STEUBENVILLE - Jefferson County department heads will be forced to cut about 13 percent of the general fund budget next year as the impact of state funding cuts hits home.
County commissioners and county Auditor Patrick Marshall met Thursday in the courthouse with the department heads and elected officials to outline what to expect when preparing budgets for 2012.
The state eliminated the tangible personal property tax on business, implemented utility deregulation and decreased local government sharing money, all resulting in a loss of $739,421 in revenue for 2012. The loss is expected to be a cut of $547,778 in 2012.
GETTING THE NEWS — Jefferson County department heads and elected officials learned Thursday of a 13 percent cut in the county’s budget for next year. County commissioners and the auditor’s office outlined the pending cuts during a meeting in the probate courtroom. Listening to the news were, from left, William Ward, juvenile detention director; Mary Nash, probate court chief deputy clerk; Juvenile-Probate Judge Bill Kerr; and Joe Colabella, juvenile-probate court administrator. - Mark Law
The cut in state funding could result in the layoff of employees and a reduction in some services, especially since 84 percent of the general fund pays for personnel costs, according to the county auditor's office.
County Commissioner David Maple said department heads have been successful in the past several years keeping spending flat and actually turning money back in at the end of the year.
The county saw the writing on the wall with the loss of personal property tax and utility deregulation revenue in the past several years and made adjustments, but the cut in the local government funds by the state was a surprise.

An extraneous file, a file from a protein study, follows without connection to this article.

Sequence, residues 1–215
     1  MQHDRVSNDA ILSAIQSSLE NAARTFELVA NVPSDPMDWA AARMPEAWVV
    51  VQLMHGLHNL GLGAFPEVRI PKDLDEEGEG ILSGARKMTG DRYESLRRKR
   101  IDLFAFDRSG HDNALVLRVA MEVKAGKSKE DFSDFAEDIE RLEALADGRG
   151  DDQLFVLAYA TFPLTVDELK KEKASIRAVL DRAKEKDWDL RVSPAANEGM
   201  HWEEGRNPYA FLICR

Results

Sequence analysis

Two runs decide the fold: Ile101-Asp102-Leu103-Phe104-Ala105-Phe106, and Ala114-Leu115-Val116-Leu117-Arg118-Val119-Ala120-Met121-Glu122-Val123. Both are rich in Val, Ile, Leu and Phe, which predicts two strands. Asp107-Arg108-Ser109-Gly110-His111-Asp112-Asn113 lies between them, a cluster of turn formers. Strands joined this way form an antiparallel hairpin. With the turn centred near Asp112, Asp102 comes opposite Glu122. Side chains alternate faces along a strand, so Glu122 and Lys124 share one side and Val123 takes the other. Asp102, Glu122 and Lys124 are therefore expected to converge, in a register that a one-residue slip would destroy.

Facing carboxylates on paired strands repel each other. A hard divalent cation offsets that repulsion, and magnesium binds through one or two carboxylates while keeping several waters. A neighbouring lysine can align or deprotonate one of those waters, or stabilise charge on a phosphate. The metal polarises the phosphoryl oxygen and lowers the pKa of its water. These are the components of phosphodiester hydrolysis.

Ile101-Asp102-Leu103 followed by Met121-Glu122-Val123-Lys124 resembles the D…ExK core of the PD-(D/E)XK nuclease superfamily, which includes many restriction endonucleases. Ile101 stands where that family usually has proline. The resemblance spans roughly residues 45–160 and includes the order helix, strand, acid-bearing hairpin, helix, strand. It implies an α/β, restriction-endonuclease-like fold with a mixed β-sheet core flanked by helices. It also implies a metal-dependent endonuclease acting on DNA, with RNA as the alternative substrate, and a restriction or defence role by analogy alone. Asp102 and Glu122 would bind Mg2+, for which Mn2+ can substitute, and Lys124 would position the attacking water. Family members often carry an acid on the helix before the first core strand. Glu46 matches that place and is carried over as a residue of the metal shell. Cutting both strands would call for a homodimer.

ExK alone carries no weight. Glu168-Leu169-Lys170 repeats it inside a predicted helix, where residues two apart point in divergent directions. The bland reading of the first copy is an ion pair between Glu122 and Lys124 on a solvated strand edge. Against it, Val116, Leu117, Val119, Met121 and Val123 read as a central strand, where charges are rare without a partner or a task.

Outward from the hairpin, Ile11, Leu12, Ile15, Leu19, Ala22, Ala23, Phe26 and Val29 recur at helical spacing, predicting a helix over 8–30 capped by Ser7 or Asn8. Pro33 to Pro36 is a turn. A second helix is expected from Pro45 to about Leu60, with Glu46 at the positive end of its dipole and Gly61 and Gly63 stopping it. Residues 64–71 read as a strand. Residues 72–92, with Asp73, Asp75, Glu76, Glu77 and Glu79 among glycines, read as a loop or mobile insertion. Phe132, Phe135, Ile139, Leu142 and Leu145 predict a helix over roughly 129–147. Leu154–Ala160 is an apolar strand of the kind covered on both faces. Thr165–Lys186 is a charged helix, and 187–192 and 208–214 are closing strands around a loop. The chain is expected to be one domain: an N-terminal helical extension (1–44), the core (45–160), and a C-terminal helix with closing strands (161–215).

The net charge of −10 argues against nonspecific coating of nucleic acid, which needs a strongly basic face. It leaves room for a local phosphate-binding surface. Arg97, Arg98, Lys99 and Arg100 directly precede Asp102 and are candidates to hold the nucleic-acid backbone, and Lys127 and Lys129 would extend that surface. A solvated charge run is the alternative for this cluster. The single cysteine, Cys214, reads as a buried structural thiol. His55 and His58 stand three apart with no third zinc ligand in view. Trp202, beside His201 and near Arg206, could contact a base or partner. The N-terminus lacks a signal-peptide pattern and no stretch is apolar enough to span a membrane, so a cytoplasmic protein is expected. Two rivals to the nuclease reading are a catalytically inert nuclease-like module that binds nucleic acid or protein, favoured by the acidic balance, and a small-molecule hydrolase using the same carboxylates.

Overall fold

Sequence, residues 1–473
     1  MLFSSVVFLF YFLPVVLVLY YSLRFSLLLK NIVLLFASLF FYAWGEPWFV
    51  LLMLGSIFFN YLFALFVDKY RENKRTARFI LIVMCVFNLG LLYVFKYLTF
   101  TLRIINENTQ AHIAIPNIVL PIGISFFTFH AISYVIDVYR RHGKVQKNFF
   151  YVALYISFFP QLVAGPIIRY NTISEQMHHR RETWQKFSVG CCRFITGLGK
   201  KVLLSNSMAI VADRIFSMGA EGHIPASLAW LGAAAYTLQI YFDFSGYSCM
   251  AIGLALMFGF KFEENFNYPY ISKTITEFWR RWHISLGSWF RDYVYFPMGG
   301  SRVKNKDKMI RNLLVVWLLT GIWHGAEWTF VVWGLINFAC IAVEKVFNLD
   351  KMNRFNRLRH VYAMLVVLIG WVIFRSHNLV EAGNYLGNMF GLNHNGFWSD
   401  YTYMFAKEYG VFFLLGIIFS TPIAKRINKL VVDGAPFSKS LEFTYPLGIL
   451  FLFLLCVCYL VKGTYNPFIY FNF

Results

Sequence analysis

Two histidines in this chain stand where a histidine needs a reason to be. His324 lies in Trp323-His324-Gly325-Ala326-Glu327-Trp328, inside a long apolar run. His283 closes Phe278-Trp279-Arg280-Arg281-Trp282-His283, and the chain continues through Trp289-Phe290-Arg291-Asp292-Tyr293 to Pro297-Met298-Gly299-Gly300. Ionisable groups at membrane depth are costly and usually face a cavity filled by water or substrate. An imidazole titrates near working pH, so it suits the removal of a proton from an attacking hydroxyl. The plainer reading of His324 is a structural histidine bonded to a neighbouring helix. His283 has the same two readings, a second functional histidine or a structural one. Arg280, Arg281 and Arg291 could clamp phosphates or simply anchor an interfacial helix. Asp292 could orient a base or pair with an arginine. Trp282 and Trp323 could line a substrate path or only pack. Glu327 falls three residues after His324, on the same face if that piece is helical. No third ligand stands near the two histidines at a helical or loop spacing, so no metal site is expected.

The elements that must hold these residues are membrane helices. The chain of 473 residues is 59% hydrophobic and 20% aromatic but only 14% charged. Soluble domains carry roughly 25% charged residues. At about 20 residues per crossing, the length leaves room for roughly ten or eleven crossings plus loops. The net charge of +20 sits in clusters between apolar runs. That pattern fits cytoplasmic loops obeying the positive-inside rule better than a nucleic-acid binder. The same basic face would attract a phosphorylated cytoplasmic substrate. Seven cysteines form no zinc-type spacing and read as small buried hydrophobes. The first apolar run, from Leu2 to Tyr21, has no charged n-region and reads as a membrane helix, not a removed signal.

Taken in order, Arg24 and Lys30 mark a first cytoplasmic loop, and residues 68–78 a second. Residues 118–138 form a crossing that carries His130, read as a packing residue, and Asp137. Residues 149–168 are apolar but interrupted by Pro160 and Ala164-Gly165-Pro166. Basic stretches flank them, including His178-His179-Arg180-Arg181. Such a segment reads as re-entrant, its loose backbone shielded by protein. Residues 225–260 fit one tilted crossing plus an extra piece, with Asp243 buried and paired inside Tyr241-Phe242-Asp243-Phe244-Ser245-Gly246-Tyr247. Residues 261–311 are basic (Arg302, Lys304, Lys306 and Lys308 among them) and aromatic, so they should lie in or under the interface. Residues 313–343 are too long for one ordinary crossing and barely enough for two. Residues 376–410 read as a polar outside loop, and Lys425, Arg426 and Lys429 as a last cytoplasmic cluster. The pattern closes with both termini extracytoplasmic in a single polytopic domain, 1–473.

"All the hardship we have gone through in the past couple years is not over," Maple said.
The general fund budget this year totals $12.3 million. Vicki Winski, deputy auditor, said the county will have to cut between $1 million and $1.4 million next year from the budget, depending on any carryover dollars.
Marshall said there has been no increase in revenue to county coffers. In fact, real estate tax dollars are nearly identical in 2011 as in 2001, he said.
"This will be one our most difficult budgets," said county Commissioner Tom Gentile.
He said an across-the-board cut won't be appropriate because it would drastically hurt smaller departments with only a handful of employees.
"I think the sparks will fly and the finger pointing will start. Hopefully that won't be too bad. We have to be more cooperative. It won't be pretty," Gentile said.
Maple said the ultimate goal of county government during the pending budget crunch will be to provide the same level of services to county residents.
"We may have to rank services by importance," he said.
"Maybe the speed of county government may have to suffer," Gentile said. "But I'm confident about the competency and professionalism of people working in county government.
County Commissioner Thomas Graham said the county's self-funded hospitalization program will cost departments the same next year but warned departments won't get a break in several months of cost contributions as in previous years. The health insurance program has built up a $5 million surplus, which allowed the county to waive monthly contribution costs by departments for employees late in the year.
Maple said county residents should be proud of the work county department heads and elected officials have shown through the recent tough economic times. He said other Ohio counties are facing even larger cutbacks because adjustments weren't made in the past several years.
Graham said the key to averting the upcoming budget woes is economic development.
County officials said the pending oil and gas boom in the county may have a positive impact on county revenue but officials are unsure to what extent the impact will be.
The commissioners will meet with department heads and elected officials in late October or early November to conduct budget hearings.